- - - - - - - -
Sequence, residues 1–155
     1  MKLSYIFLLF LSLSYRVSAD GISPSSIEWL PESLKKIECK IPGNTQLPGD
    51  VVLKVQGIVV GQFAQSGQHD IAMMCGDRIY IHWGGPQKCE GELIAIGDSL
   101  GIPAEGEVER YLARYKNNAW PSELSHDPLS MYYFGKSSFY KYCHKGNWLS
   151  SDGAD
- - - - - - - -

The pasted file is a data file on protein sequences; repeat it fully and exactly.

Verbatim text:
Sequence, residues 1–155
     1  MKLSYIFLLF LSLSYRVSAD GISPSSIEWL PESLKKIECK IPGNTQLPGD
    51  VVLKVQGIVV GQFAQSGQHD IAMMCGDRIY IHWGGPQKCE GELIAIGDSL
   101  GIPAEGEVER YLARYKNNAW PSELSHDPLS MYYFGKSSFY KYCHKGNWLS
   151  SDGAD